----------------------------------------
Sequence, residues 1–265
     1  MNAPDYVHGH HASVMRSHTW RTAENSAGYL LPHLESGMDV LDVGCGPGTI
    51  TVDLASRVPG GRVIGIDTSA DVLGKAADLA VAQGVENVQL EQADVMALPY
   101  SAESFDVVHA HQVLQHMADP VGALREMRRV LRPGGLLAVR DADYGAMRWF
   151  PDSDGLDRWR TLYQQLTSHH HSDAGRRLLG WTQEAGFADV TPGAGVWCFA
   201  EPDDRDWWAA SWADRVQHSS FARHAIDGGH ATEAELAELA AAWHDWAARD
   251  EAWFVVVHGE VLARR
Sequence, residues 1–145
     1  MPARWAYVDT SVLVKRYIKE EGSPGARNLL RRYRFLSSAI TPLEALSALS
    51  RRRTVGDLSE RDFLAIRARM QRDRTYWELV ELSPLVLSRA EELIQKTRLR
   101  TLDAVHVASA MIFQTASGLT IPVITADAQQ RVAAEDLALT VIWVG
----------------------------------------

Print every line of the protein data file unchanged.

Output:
Sequence, residues 1–265
     1  MNAPDYVHGH HASVMRSHTW RTAENSAGYL LPHLESGMDV LDVGCGPGTI
    51  TVDLASRVPG GRVIGIDTSA DVLGKAADLA VAQGVENVQL EQADVMALPY
   101  SAESFDVVHA HQVLQHMADP VGALREMRRV LRPGGLLAVR DADYGAMRWF
   151  PDSDGLDRWR TLYQQLTSHH HSDAGRRLLG WTQEAGFADV TPGAGVWCFA
   201  EPDDRDWWAA SWADRVQHSS FARHAIDGGH ATEAELAELA AAWHDWAARD
   251  EAWFVVVHGE VLARR
Sequence, residues 1–145
     1  MPARWAYVDT SVLVKRYIKE EGSPGARNLL RRYRFLSSAI TPLEALSALS
    51  RRRTVGDLSE RDFLAIRARM QRDRTYWELV ELSPLVLSRA EELIQKTRLR
   101  TLDAVHVASA MIFQTASGLT IPVITADAQQ RVAAEDLALT VIWVG